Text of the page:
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In June 2018, Ticketmaster revealed that a security incident had affected its website, causing the personal information of customers to be exposed. Discovered on 23rd June, the information was exposed due to the actions of an external hacker, but questions were raised regarding how far the incident had been caused by Ticketmaster’s own alleged negligence. We began taking on claims soon after the breach was announced, and we are now running our Ticketmaster data group action to ensure that those affected can receive the compensation that they deserve.
The breach has potentially demonstrated how insufficient cybersecurity could be responsible for mass information exposure. Thousands of customers had sensitive payment details exposed as a result of what we understand to be a system vulnerability, so we believe that Ticketmaster must answer for what has happened.
If you have been affected by this data breach, you can contact our team to find out if you have a compensation claim to make.
On 23rd June 2018, Ticketmaster released a statement to notify customers that they had identified malicious software on their website. The software had been uploaded to a third-party chatbot provided by Inbenta Technologies, which featured on Ticketmaster’s payment page. It was through this chatbot that the hacker was able to gain access to customer payment details.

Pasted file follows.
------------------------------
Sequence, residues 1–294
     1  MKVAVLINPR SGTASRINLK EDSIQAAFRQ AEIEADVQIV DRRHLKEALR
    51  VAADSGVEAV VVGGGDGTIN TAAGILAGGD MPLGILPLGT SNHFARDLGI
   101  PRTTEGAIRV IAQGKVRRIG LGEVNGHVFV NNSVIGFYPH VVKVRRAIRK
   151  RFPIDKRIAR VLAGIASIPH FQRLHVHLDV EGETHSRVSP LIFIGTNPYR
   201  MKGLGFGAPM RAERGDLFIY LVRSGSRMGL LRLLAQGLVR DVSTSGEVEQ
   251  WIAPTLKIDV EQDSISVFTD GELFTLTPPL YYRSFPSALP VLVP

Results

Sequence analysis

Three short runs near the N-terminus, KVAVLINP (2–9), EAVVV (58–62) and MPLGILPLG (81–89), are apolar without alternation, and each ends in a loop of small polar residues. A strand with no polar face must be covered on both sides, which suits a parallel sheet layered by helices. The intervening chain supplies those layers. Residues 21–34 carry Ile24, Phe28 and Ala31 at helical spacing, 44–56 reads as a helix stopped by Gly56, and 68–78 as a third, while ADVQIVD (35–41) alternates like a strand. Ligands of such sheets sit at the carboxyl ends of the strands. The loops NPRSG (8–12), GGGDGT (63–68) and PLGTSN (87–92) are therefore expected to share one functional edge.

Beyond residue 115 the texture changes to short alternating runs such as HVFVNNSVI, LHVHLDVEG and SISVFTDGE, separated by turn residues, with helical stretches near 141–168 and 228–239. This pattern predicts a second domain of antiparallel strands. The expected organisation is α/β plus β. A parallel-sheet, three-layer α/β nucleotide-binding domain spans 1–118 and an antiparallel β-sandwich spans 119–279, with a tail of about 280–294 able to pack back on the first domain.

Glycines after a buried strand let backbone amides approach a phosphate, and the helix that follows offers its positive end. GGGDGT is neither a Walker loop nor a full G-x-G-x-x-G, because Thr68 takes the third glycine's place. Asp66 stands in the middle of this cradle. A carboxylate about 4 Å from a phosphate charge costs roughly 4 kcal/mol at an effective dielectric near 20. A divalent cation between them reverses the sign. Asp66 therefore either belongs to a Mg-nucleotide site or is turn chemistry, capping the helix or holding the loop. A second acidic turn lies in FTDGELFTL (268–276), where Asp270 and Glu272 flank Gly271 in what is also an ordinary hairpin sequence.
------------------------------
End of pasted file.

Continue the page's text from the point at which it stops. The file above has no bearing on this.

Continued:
According to reports, it may not have even been Ticketmaster who first identified the breach. Banking service Monzo reportedly raised the alarm when around 50 of its customers spotted fraudulent activity on their accounts. Further investigations found that 70% of affected Monzo customers had made purchases on Ticketmaster, and a potential link was established.
Monzo and a number of other banks, including Barclays, are said to have contacted Ticketmaster with their concerns several weeks before Ticketmaster went public with news of the incident.
The ICO ruled that Ticketmaster had not done enough to protect its customers’ data from cyberattacks, imposing a fine of £1.25 million on the company in 2018. Ticketmaster then appealed the fine on the basis that it had not breached the GDPR. Nevertheless, we believe that the ICO outcome and the evidence against Ticketmaster point to the strong chance of success for claims in our Ticketmaster data group action.
Those affected by the breach could be eligible to recover thousands of pounds in compensation in our Ticketmaster data group action, including damages for any distress they have suffered, as well as for any financial losses sustained due to any fraudulent use of their payment details.
Many data controllers still fail to grasp the importance of cybersecurity, putting thousands upon thousands of people’s personal data records at risk all the time. Your Lawyers, as leading specialists in data breach claims, believe that it is vital to ensure that as many of these victims as possible can access the justice they deserve, which is why we offer No Win, No Fee representation to eligible claimants. With this protection, you can rest assured that you will not have to pay any of our legal fees if your claim is unsuccessful, subject to the agreed terms and conditions that we have in place with you.
Having represented clients for privacy matters since 2014, we have developed extensive experience in this area of law, with some of our biggest actions including those against British Airways and Virgin Media, as well as our Ticketmaster data group action. Anyone who is concerned about a data security incident can contact us for free, no-obligation advice on their potential claim.
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